Read More

Mitchell R. Miller - Estate And Trust Lawyer, Beverly Hills, CA

In spite of the IRS’s information campaign, many people still do not know that the IRS has mounted a huge enforcement effort in the international arena to get people to report foreign accounts and foreign income. And if you have foreign assets, you might be surprised that this enforcement effort could apply to you.

Specifically, the IRS has for all practical purposes eliminated bank secrecy for U.S. citizens and residents, forcing foreign banks to identify all their U.S. account holders. In many cases, foreign banks have simply kicked out all their U.S. depositors. And the penalties for not reporting foreign accounts, income and transactions grow larger every year.

In one recent case, a federal jury held that a man who had failed to report the existence of his foreign account or include the interest from the account in his income was liable for a penalty of 150% of the highest value of the account. That’s right — ONE AND A HALF TIMES THE ENTIRE VALUE OF THE ACCOUNT!

And that’s only the penalty. There’ll be tax, interest on the tax, and interest on the penalty to boot!

What types of foreign items are you required to report?

Read More

Charles Woodson, Estate Tax, Inheritance Tax Expert

A frequent question is whether inheritances are taxable. This is a frequently misunderstood question related to taxation and can be complicated. When someone passes away, all of their assets will be subject to inheritance taxation, and whatever is left over after paying the inheritance tax passes to the decedent’s beneficiaries.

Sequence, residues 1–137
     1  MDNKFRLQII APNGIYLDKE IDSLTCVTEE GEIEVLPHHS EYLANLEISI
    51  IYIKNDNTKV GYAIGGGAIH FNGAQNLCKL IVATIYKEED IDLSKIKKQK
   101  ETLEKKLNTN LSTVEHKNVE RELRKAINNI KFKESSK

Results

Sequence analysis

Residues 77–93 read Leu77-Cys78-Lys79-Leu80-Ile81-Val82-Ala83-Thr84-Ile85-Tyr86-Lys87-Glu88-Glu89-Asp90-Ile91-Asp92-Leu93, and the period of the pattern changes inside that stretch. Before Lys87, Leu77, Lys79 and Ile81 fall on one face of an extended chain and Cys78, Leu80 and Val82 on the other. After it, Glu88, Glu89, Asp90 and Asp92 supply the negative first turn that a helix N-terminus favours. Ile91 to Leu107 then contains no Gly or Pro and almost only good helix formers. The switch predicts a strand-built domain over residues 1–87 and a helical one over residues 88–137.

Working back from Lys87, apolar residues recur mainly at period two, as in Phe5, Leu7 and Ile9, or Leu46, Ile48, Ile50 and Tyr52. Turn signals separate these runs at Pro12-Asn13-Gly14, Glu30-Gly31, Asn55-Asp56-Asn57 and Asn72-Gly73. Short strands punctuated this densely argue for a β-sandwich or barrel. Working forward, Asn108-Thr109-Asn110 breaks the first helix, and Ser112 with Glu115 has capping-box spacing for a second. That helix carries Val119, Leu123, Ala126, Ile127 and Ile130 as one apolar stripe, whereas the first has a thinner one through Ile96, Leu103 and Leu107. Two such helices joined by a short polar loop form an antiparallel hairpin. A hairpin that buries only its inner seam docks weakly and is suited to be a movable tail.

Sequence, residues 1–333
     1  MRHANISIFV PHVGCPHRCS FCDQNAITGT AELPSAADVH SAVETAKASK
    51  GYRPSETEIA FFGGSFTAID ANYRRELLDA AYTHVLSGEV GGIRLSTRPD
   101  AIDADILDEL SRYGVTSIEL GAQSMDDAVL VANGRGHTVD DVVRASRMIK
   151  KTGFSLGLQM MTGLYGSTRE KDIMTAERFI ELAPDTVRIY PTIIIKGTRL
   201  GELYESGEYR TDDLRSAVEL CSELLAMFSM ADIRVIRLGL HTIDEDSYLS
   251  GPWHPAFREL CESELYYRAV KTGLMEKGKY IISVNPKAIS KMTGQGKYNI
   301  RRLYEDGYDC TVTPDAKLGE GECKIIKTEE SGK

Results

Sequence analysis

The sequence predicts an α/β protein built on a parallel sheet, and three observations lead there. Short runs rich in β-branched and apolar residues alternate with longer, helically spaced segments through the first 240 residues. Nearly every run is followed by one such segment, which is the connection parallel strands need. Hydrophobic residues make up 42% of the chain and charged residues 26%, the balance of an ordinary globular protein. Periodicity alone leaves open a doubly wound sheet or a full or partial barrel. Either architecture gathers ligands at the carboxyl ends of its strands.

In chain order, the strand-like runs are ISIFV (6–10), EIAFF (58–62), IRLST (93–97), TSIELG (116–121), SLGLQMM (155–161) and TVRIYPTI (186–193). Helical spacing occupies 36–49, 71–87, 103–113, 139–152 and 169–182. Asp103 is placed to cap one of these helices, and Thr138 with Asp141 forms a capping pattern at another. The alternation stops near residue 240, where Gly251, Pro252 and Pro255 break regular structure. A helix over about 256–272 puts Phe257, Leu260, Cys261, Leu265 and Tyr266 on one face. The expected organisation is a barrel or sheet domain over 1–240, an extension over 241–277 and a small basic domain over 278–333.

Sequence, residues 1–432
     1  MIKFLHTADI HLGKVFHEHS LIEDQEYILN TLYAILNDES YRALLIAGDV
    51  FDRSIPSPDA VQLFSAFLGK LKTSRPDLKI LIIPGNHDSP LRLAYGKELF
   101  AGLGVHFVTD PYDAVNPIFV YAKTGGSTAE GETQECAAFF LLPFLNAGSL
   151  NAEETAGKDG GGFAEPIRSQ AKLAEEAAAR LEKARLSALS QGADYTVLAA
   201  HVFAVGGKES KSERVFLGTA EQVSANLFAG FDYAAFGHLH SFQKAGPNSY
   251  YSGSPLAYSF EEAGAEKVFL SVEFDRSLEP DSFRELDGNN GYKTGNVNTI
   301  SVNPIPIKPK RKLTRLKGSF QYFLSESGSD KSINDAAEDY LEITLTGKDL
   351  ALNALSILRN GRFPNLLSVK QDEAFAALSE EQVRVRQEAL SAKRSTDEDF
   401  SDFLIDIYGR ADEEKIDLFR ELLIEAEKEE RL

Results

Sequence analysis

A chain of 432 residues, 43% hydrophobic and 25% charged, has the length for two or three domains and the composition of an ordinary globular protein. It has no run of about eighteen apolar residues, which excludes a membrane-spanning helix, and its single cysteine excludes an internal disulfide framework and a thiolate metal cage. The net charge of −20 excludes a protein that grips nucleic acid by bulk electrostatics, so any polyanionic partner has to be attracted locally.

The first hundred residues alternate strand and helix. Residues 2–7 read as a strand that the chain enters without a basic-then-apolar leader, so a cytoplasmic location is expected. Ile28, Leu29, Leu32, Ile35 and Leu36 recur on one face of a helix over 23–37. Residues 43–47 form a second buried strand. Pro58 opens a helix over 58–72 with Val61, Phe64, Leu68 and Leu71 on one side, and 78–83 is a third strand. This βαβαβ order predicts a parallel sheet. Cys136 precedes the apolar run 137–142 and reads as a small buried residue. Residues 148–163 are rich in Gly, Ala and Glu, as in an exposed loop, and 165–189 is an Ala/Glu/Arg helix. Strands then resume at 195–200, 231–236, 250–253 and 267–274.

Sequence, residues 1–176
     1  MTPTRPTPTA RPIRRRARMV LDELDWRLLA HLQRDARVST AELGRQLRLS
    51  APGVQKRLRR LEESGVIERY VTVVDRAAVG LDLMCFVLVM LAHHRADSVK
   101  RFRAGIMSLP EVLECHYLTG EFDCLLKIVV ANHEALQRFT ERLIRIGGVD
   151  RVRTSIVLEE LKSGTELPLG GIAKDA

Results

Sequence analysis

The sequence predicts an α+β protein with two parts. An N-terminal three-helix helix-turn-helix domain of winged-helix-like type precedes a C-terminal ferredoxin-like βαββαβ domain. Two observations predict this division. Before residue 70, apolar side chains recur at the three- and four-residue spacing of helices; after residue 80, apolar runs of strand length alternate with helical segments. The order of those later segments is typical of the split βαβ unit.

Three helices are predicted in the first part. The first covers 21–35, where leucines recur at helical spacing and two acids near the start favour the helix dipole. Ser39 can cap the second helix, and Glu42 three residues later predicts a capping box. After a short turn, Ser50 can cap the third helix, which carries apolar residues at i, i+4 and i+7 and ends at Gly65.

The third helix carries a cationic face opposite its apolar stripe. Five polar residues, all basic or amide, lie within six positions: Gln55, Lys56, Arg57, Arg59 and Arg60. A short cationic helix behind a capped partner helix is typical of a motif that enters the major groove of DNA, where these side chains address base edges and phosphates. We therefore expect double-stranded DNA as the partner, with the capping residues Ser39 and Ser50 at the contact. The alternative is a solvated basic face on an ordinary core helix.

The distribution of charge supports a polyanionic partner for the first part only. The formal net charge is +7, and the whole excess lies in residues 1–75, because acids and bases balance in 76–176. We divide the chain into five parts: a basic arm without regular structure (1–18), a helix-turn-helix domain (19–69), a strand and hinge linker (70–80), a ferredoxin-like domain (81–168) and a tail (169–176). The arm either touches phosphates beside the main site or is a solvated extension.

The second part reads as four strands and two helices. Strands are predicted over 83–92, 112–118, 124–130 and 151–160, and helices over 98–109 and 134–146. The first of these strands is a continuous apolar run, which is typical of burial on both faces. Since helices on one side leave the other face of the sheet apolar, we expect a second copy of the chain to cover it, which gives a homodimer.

Sound bleak? Don’t worry, very few decedents’ estates ever pay any inheritance tax, primarily because the code exempts a liberal amount of the estate from taxation; thus, only very large estates are subject to inheritance tax. In fact, with the passage of the Tax Cuts & Jobs Act (tax reform), the estate tax deduction has been increased to $11,180,000* for 2018 and is inflation adjusted in future years. That generally means that estates valued at $11,180,000* or less will not pay any federal estate taxes and those in excess of the exemption amount only pay inheritance tax on amounts in excess of the exemption amount. Of interest, there are less than 10,000 deaths each year for which the decedent’s estate exceeds the exemption amount, so for most estates, there will be no estate tax and the beneficiaries will generally inherit the entire estate.

* Note that, as with anything tax-related, the exemption is not always a fixed amount. It must be reduced by prior gifts in excess of the annual gift exemption, and it can be increased for a surviving spouse by the decedent’s unused exemption amount.

Read More

According to Internal Revenue Code Section 1014 the basis of property acquired from a decedent is the fair market value of the property at the date of the decedent’s death.

This is often referred to as stepped up basis and it is profoundly significant for US taxpayers dealing with the myriad of issues surrounding estate planning or tax preferential transfer of assets. Read More